This past Saturday, I visited Luna Dance Institute in Berkeley, California, to attend the Dance & Disability Discourse & Panel—a discussion with five artists, educators and researchers about access and equity for disabled students in dance education. Here are three statements from the discussion that I found eye-opening.
"There are things that haven't changed in 30 years." —Judith Smith
Judith Smith, the founder and director of the Oakland-based inclusive dance troupe AXIS Dance Company, recognizes that although progress has been made, there is still significant work to do to provide equal access and opportunities to disabled dancers. She noted that disabled dancers can't get a dance degree at most universities, they can't drop in on any technique class they want and there aren't enough training opportunities available to them.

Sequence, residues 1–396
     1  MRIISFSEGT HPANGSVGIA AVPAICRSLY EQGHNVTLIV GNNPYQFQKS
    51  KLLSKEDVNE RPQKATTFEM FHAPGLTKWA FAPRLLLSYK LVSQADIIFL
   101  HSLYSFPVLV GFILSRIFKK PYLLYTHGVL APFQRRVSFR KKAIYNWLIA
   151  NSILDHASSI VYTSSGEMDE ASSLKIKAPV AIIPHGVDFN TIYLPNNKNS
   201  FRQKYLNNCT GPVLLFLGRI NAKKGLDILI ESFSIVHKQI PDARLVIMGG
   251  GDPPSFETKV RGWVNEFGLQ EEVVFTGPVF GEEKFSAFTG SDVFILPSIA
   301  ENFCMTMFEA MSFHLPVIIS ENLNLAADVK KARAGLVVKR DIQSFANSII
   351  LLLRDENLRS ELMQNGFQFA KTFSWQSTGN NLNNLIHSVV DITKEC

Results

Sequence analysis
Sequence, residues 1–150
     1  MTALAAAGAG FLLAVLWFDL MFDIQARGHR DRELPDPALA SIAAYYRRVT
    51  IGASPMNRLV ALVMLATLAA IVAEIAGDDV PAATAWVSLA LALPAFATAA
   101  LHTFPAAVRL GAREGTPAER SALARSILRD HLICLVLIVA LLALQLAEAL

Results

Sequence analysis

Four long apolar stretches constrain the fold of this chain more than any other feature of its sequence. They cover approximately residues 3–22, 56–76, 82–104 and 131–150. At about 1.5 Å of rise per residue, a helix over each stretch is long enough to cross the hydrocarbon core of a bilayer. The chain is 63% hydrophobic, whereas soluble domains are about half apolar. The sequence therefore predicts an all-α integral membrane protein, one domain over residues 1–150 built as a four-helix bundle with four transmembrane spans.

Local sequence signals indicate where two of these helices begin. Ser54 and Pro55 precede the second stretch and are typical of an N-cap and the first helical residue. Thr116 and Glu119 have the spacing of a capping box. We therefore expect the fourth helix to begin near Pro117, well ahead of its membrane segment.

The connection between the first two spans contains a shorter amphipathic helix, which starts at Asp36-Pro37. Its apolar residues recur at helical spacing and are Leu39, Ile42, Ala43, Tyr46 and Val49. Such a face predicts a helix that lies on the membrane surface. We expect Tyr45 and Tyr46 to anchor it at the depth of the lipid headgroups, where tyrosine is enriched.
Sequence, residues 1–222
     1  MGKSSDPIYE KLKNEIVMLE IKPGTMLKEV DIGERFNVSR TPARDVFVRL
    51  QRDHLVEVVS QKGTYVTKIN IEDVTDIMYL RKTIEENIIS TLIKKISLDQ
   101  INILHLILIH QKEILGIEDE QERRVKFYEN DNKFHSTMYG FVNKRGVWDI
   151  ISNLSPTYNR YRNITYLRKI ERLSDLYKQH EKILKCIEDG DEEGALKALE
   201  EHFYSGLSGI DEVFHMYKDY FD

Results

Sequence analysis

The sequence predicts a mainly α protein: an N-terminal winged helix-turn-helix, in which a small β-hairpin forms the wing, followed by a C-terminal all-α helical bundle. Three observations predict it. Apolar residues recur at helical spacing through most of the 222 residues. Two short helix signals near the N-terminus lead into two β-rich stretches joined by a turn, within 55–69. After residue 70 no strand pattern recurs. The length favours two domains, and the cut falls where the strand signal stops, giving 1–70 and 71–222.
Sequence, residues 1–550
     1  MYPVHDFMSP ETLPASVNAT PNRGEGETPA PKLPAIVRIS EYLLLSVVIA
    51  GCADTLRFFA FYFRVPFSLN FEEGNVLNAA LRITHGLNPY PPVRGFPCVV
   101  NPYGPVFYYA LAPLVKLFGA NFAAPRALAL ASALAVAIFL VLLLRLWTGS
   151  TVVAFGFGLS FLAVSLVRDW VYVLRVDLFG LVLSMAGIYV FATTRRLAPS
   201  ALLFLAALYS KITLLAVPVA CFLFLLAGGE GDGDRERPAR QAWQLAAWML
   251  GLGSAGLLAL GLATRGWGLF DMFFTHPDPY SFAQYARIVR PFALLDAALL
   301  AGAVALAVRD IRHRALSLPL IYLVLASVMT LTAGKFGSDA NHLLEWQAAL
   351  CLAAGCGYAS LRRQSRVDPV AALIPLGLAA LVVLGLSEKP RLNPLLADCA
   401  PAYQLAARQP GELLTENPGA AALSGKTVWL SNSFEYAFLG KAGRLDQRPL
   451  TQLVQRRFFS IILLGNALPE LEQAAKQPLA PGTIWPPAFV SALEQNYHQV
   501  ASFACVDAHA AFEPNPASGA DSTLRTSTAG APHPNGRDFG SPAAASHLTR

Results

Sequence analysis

"Compliance with law should be the lowest bar. We should go far beyond this." —Emily Nusbaum
Emily Nusbaum, a professor at University of San Francisco who specializes in disability studies and inclusion, pointed out that conversations about access and equity for disabled people are most commonly framed in terms of compliance with the law, specifically with the Americans with Disabilities Act (ADA), which became a law in 1990. While compliance with ADA is important, it's often not enough, especially when you consider the wide range of both physical and intellectual disabilities.
"We need to question the words we use." —Eric Kupers
Eric Kupers is a dance professor at Cal State University East Bay and directs Bandelion, an integrative performance ensemble. He talked about how he has to check himself on using able-bodied language when he teaches. Words like "technique," "proficiency," and "mastery" imply athleticism and an able-bodied perspective on dance.
What do you think? What steps can dance educators take to provide equal opportunities to disabled students?